Historic landmark Perseverance Hall, in New Orleans' 7th ward, collapsed this week after heavy rains. The building and those who gathered in it were fundamental to the history and development of jazz music. NOLA.com provides some history and context about the structure:
[Frederick] Starr, a former professor of history and architecture at Tulane University, said the structure was erected by a group of free Black people who called themselves La Société de la Perseverance, known in English as the Perseverance Benevolent Mutual Aid Association.
Such mutual aid associations provided health and burial insurance for members, and were common in the Crescent City. La Société de la Perseverance built the North Villere Street hall in 1880. It was used as a meeting place and concert venue.
In the early 20th century, Perseverance Hall became an incubator for a new American art form, a "home base for a Who's Who of early jazz musicians," Starr said, including Sidney Bechet, Buddy Bolden, Johnny Dodds and others.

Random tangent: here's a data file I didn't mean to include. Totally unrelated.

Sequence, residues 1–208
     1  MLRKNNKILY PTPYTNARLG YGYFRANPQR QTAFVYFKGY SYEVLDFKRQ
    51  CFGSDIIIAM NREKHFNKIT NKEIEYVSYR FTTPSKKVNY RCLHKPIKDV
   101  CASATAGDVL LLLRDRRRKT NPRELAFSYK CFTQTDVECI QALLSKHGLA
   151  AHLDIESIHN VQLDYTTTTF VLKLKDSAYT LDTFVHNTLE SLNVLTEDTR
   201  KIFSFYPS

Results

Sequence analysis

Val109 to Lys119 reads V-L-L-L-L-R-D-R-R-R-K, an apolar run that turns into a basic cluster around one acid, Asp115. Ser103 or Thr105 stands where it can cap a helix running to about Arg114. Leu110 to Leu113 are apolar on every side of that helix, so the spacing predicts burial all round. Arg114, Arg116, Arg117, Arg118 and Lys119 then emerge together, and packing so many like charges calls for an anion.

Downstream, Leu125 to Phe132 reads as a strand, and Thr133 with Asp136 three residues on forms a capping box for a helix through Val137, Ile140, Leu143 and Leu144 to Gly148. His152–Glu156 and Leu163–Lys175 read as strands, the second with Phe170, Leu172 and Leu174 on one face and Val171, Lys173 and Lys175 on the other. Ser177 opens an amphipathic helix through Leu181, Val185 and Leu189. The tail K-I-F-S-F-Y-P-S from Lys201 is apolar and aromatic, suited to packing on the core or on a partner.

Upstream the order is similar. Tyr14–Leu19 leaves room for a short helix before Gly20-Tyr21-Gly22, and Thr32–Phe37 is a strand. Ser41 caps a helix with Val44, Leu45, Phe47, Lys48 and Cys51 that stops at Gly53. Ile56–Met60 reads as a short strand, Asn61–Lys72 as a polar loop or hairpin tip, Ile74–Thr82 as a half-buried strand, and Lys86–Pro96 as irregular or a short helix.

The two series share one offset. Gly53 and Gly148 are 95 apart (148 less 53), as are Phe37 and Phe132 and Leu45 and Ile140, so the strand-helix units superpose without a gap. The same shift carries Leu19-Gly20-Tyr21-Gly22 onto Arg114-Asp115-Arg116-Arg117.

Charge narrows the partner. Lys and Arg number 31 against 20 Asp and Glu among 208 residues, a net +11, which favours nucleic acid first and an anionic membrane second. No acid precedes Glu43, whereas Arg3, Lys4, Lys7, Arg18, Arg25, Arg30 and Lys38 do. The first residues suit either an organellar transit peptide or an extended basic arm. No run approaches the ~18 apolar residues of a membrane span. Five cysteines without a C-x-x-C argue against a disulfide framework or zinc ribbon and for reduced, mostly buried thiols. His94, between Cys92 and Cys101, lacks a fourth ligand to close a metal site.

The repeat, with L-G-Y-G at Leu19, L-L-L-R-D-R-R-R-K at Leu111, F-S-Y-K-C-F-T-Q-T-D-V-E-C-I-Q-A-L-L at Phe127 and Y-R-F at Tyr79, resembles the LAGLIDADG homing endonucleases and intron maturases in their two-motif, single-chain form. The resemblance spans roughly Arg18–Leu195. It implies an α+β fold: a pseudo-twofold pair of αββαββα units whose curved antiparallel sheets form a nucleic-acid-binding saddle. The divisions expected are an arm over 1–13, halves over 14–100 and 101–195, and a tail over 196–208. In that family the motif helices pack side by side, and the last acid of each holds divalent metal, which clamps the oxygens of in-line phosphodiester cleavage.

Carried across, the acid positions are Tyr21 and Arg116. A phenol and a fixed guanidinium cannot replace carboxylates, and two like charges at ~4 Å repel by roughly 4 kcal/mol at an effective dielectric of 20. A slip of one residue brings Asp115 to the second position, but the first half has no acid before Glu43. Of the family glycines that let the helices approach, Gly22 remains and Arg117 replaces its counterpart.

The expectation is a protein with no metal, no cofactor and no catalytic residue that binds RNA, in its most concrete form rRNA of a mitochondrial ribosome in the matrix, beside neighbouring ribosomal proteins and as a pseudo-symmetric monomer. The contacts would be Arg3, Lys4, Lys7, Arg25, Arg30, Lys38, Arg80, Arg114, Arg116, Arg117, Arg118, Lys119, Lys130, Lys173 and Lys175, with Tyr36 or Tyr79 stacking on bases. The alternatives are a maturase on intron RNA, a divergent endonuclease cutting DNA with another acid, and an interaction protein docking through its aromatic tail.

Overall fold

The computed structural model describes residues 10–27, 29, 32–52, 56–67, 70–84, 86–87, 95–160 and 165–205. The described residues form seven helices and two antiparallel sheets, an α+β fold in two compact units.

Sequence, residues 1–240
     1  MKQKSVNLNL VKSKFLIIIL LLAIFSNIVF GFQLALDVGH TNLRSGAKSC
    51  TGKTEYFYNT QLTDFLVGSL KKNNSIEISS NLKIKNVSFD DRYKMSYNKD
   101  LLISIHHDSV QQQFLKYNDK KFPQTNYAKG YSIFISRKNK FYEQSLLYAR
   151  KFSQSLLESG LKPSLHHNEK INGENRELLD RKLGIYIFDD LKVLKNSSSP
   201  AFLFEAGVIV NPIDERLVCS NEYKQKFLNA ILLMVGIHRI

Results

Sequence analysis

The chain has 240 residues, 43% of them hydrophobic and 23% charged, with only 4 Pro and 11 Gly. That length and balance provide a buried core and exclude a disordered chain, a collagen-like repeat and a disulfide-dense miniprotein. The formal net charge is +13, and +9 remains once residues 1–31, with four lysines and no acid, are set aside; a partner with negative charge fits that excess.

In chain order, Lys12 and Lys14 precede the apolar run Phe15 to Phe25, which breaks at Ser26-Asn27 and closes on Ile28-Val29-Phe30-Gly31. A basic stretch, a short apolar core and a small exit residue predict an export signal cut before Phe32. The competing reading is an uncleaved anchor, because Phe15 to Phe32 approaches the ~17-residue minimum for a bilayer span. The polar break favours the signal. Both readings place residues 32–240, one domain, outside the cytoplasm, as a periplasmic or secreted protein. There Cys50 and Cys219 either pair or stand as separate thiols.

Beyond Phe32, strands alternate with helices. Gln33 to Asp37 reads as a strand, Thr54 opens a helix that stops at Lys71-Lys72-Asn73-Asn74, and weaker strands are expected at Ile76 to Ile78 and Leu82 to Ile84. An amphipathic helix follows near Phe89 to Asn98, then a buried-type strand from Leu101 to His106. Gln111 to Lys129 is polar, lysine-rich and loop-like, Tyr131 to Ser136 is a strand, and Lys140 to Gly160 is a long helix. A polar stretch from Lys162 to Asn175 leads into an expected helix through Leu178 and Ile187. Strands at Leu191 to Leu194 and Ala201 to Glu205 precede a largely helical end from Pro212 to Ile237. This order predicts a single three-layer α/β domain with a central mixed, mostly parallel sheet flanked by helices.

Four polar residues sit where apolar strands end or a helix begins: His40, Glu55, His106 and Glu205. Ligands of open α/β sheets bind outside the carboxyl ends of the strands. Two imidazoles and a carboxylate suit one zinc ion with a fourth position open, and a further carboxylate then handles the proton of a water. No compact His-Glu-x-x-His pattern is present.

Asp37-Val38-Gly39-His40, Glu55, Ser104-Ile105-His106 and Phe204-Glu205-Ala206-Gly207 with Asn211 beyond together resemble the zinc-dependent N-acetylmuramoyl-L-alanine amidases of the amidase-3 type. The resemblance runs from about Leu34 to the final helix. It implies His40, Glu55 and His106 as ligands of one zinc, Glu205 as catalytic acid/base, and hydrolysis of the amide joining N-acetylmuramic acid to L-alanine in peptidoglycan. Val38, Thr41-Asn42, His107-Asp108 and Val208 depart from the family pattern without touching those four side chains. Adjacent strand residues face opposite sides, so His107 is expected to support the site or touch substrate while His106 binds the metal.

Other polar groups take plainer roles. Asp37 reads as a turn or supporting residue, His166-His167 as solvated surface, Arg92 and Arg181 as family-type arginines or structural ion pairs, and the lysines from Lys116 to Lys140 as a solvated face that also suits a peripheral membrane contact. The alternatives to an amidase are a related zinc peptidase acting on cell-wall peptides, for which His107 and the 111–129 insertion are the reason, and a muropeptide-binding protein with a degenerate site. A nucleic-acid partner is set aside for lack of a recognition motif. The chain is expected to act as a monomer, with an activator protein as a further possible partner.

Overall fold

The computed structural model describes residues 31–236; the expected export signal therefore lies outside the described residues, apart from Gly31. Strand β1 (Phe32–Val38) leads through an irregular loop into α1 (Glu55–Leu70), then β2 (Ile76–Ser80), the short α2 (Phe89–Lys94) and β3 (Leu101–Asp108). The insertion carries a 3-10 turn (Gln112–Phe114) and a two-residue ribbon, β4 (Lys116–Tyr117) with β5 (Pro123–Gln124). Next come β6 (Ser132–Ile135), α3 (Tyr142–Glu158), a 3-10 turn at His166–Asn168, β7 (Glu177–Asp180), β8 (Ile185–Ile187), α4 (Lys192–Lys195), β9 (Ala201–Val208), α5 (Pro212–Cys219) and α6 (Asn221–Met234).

Just last year, the Baton Rouge Advocate ran an opinion piece by Frederick Starr, in which he described the dire condition of the building and begged the city to do something to help preserve it:
When Ida struck, the hall's large interior space enabled the blast to explode the building from the inside out. What remains could collapse any day if immediate remedial steps are not taken.
What is needed? First, the side walls must immediately be returned to vertical and then stabilized. Wood from the building's collapsed rear end must be salvaged, for use in a comprehensive restoration. The city must fence off the property to protect it from looters. These steps cannot be delayed.
It's a real shame that the city didn't listen, that these repairs were never done, and that now the city (and world) has lost an important piece of jazz history.